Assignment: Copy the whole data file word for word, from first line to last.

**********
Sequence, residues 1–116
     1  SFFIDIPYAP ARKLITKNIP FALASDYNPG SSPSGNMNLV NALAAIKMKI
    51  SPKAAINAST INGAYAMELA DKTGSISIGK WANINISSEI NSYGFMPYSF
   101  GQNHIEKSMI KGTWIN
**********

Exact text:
Sequence, residues 1–116
     1  SFFIDIPYAP ARKLITKNIP FALASDYNPG SSPSGNMNLV NALAAIKMKI
    51  SPKAAINAST INGAYAMELA DKTGSISIGK WANINISSEI NSYGFMPYSF
   101  GQNHIEKSMI KGTWIN